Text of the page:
Economy

Today At Fast Food Restaurants Is Going To Be Very Interesting

December 4th 2014

By:
Sandra Korn

Today, fast food workers across the country will go on strike—some of them for the sixth, seventh, or eighth time—demanding that their employers pay $15 per hour and give them the right to form a union. Although it’s unlikely this strike will result in true collective bargaining rights for fast food workers, the movement has helped changed the nation’s attitude toward minimum wage by drawing attention to the plight of low-wage workers.

The average fast food worker in the U.S. makes just over $9 per hour, well below a living wage. A report published by the UC Berkeley Labor Center last year found that more than half of fast food workers are on some form of public assistance, including Medicaid and food stamps.

Launched just over two years ago, the “Fight for $15” has received support from the Service Employees International Union, among other groups. Yet the workers leading the campaign are not waging a traditional union fight. For one, they don’t all work for the same employer—the fast food workers on strike have jobs at McDonald's, Wendy’s, Dominos, and KFC, among other national chains.

Also unlike a single-shop union battle, the Fight for $15 is taking place all over the country. Fast food workers plan to walk out Thursday in over 150 cities. Many of these cities will likely be the same ones where strikes took place last year on December 5—including a strong showing in the South. State governments in southern states like North Carolina, Kentucky, Georgia, and Texas have passed “right to work” laws and instituted other policies to cripple unions and hurt organizing work forces. Nonetheless, fast food workers in southern states represent a strong contingent of the national Fight for 15.

This strike will be the fifth national walkout organized by the #strikefastfood movement, and workers and organizers have prepared with promotional videos, signs, and chants.

What should we expect when fast food workers walk out on Thursday? At the last fast food workers’ strike, on September 4, nearly 500 striking protestors were arrested in civil disobedience actions outside fast food restaurants in dozens of different cities. According to Al Jazeera, at this strike, workers don’t plan to risk arrest. Yet they will walk out of work to form marches and picket lines in over 150 cities.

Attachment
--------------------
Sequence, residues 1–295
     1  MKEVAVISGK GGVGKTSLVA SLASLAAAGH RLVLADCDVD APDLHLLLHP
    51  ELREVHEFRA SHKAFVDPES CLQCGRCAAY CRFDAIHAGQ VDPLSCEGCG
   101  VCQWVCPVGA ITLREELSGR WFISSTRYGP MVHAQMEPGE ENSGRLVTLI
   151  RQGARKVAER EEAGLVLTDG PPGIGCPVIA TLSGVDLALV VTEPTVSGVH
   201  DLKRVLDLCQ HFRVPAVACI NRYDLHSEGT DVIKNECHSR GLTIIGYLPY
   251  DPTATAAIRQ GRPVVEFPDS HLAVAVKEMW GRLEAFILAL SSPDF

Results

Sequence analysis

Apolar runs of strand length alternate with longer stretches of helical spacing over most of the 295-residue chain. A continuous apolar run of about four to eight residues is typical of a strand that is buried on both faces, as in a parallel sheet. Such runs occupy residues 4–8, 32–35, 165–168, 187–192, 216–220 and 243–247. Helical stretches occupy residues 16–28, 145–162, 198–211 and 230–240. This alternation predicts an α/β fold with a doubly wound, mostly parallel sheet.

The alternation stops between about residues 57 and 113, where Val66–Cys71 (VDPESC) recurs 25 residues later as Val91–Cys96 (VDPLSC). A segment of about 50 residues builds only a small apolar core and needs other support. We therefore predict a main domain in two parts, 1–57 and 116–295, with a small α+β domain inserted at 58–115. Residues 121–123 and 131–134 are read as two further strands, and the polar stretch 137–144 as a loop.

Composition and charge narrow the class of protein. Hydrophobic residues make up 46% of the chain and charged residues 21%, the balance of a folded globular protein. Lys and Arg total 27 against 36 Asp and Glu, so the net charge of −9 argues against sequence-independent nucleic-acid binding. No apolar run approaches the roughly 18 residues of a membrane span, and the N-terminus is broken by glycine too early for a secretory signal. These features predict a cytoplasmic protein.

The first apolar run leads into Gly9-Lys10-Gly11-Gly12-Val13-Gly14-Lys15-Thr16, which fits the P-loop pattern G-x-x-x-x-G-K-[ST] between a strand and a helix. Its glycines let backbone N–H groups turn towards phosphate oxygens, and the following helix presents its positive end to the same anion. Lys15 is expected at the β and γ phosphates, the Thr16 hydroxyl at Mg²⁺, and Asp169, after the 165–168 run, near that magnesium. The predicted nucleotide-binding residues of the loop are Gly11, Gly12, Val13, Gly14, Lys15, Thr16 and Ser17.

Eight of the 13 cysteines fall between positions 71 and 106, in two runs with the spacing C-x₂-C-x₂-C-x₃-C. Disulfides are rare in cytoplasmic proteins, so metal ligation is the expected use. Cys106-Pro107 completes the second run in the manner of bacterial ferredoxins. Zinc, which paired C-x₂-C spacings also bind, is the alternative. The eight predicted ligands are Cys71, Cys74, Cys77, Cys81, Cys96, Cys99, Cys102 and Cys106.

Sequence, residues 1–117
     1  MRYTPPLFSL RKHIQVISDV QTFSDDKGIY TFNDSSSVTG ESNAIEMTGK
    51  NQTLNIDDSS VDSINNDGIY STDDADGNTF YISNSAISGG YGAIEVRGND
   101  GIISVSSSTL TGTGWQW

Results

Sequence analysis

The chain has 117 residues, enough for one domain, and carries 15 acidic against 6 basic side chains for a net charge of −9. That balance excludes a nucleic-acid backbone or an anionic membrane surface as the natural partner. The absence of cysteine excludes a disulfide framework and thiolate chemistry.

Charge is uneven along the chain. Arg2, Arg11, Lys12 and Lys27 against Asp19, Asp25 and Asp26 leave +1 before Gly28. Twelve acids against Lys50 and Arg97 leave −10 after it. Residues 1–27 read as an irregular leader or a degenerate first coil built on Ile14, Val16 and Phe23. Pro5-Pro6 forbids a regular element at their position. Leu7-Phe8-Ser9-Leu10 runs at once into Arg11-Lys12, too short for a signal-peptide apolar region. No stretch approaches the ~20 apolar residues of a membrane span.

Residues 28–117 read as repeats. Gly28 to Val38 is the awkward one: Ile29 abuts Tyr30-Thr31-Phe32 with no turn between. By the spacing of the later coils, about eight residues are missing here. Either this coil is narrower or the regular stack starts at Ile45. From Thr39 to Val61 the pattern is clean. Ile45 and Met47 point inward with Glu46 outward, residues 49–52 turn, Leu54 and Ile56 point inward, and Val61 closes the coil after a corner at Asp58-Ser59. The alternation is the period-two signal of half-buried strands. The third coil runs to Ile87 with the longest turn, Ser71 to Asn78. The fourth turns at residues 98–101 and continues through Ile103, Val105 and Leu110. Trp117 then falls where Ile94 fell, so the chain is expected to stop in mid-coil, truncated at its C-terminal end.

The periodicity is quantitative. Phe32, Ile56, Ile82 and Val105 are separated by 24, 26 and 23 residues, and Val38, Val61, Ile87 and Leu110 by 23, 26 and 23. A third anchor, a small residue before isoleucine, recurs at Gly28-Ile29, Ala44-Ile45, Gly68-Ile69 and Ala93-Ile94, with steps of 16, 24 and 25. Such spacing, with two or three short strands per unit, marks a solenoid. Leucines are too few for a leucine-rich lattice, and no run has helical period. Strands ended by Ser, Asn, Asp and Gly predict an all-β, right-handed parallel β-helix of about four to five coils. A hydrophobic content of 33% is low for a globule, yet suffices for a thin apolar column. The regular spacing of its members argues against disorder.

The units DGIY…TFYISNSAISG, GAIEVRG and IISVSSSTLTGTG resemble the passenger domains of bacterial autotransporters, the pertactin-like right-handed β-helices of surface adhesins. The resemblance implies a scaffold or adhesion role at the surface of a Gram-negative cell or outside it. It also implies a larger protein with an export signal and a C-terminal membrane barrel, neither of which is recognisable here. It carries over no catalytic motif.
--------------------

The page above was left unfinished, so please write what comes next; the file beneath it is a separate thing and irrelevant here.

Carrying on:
Fast food companies like McDonald's have tried to brush aside fast food worker organizing. According to Al Jazeera, following the one-day strike in September, a McDonald's spokesperson declared, "These are not 'strikes,' but are organized rallies for which demonstrators are transported to various locations, and are often paid for their participation.” It’s true that a one-day strike isn’t quite the same thing as the months-long picket line of labor history fame. When organized workers walk out to join a one-day strike, some of their coworkers stay on the job, which means that your local McDonald's will almost certainly still be serving up Big Macs. (In fact, many of the workers taking part in this week’s strike might not even be scheduled to work Thursday—after all, many fast food workers struggle even to receive full time hours.) 

But workers do put their jobs on the line by publicly taking part in actions like this one. For example, after organizing with OUR Walmart in Massachusetts, participating in one-day strikes and standing up with her coworkers, Walmart Associate Windy Edick was fired Friday. According to Edick, she was nominally fired for her alleged involvement in a parking lot accident near Walmart, although she says police have demonstrated she made no contact with the woman who fell. Edick assumes Walmart was searching for an excuse to get rid of her—retaliation is common against workers who vocally take part in organizing. (You can join Massachusetts Jobs with Justice in calling the Chicopee Walmart to ask for Windy Edick to be rehired.) Although it’s illegal to fire workers for organizing, the fast food workers who walk off their jobs on Thursday have to be ready for negative consequences.

Strikes are just one of many tactics that fast food workers can use in their fight for $15 and a union. This week’s #strikefastfood may not bring fast food magnates to the bargaining table or even shut down stores. Yet, according to both Slate and the Guardian, the fast food strikes are working: they have changed national discourse by creating political momentum around a $15 minimum wage. Perhaps more importantly, they have empowered fast food workers across the country to demand livable jobs and respect in the workplace.